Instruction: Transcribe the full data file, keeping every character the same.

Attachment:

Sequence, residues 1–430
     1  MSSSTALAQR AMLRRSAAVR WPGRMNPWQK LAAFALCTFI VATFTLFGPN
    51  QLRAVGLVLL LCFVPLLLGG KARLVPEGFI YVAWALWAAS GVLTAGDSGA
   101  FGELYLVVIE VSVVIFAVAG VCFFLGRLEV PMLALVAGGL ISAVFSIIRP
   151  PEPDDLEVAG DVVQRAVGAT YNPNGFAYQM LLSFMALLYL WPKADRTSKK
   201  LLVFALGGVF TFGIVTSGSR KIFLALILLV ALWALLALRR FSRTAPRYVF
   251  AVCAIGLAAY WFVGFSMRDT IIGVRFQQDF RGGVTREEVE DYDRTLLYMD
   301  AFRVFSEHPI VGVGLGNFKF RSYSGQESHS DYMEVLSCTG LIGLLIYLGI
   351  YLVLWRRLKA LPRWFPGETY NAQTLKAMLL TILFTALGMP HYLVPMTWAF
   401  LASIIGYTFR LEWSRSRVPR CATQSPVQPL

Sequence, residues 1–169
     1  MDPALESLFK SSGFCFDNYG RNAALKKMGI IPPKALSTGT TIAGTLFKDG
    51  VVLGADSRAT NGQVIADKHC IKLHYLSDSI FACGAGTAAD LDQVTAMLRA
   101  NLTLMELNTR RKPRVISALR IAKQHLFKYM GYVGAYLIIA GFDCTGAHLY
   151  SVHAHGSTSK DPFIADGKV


Sequence, residues 1–430
     1  MSSSTALAQR AMLRRSAAVR WPGRMNPWQK LAAFALCTFI VATFTLFGPN
    51  QLRAVGLVLL LCFVPLLLGG KARLVPEGFI YVAWALWAAS GVLTAGDSGA
   101  FGELYLVVIE VSVVIFAVAG VCFFLGRLEV PMLALVAGGL ISAVFSIIRP
   151  PEPDDLEVAG DVVQRAVGAT YNPNGFAYQM LLSFMALLYL WPKADRTSKK
   201  LLVFALGGVF TFGIVTSGSR KIFLALILLV ALWALLALRR FSRTAPRYVF
   251  AVCAIGLAAY WFVGFSMRDT IIGVRFQQDF RGGVTREEVE DYDRTLLYMD
   301  AFRVFSEHPI VGVGLGNFKF RSYSGQESHS DYMEVLSCTG LIGLLIYLGI
   351  YLVLWRRLKA LPRWFPGETY NAQTLKAMLL TILFTALGMP HYLVPMTWAF
   401  LASIIGYTFR LEWSRSRVPR CATQSPVQPL

Sequence, residues 1–169
     1  MDPALESLFK SSGFCFDNYG RNAALKKMGI IPPKALSTGT TIAGTLFKDG
    51  VVLGADSRAT NGQVIADKHC IKLHYLSDSI FACGAGTAAD LDQVTAMLRA
   101  NLTLMELNTR RKPRVISALR IAKQHLFKYM GYVGAYLIIA GFDCTGAHLY
   151  SVHAHGSTSK DPFIADGKV